Sweeping new data sharing laws proposed by the federal government have stalled due to COVID-19, with the Office of the National Data Commissioner unable to finish consultations.
In an update on Wednesday, national data commissioner Deborah Anton said the last round of Data Availability and Transparency Bill consultations would be rescheduled in the wake of the pandemic.
“We had hoped to consult on an exposure draft of the Data Availability and Transparency Bill in the first half of 2020, though this will now not be possible,” Anton said.
“We will provide advice on updated time frames when we are able.”
The bill, which was slated to be introduced to Parliament before July, is expected to unlock public sector data for sharing with “trusted” government agencies and academics.
It is the result of almost two years of work by the Office of the National Data Commissioner and follows the 2018 Productivity Commission report into data availability and use.
But with Parliament recalled last month in response to the pandemic, even if the legislation was ready to be introduced, it is unlikely to progress before Parliament resumes in August.
The proposed laws will overwrite 500 data secrecy and confidentiality provisions in existing legislation, with no requirement for agencies to gain consent from individuals before data is shared.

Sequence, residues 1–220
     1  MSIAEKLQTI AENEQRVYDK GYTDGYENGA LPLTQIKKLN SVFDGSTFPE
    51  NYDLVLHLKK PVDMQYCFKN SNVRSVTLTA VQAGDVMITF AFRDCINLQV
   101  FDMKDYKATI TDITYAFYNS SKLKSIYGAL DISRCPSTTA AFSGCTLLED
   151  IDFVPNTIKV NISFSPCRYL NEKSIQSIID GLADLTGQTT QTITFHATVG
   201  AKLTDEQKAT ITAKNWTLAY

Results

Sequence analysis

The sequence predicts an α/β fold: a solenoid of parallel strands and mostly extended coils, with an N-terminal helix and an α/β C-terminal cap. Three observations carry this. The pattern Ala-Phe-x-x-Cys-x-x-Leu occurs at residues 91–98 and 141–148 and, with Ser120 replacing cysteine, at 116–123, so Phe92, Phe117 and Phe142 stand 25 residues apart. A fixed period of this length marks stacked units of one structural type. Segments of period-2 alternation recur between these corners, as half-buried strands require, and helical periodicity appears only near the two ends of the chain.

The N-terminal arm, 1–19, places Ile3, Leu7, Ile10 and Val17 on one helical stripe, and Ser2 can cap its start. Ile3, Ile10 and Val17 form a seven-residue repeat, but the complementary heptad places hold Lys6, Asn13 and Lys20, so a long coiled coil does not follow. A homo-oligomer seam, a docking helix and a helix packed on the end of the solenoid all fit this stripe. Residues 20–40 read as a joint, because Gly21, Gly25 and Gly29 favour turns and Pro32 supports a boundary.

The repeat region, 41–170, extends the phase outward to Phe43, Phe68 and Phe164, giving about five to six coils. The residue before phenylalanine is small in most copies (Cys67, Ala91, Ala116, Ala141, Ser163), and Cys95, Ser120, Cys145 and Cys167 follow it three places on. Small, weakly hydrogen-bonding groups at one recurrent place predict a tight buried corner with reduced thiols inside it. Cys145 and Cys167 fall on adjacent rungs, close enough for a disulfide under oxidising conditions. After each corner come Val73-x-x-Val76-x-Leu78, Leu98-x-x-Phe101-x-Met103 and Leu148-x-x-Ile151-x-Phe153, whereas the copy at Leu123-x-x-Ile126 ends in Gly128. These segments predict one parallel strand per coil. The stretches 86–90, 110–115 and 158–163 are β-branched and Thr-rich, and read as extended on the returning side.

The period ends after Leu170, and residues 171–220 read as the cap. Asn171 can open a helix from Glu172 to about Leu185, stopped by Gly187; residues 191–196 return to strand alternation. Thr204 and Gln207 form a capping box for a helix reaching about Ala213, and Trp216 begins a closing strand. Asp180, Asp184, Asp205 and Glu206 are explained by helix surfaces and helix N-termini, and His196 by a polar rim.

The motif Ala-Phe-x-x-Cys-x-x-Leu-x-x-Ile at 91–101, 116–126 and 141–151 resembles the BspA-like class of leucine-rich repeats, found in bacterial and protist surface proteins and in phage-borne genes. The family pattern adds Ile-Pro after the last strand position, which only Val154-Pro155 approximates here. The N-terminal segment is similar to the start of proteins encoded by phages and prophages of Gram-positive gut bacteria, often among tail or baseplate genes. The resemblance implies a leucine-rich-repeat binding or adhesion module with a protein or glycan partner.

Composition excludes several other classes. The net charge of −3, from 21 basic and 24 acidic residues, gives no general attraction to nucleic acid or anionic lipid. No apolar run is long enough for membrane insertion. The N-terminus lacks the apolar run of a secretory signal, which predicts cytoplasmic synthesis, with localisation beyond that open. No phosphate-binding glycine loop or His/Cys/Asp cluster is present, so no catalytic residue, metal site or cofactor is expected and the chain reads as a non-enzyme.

However, data will only to be released if it is related to improving policy, program evaluation, service delivery and research and development.
The government has previously ruled out using the proposed laws for compliance and assurance purposes to avoid another robodebt.
Despite the setback, Anton said the Office of the National Data Commissioner would continue to “progress the Data Availability and Transparency legislation”.
She also said the office had recently released a ‘legislation agnostic’ draft sharing agreement template, which will help agencies to share data in a “safe, timely and transparent” way.
“The Office of the National Data Commissioner is keen to hear your feedback on the template,” she told agencies.
“We will use this feedback to improve the agreement, and also how we design the data sharing agreement template to be used with the legislation.”
Last month, Australian statistician David Gruen said the proposed laws would allow agencies to exercise their own judgement with data, giving the power to veto data requests from other agencies and trusted third-parties.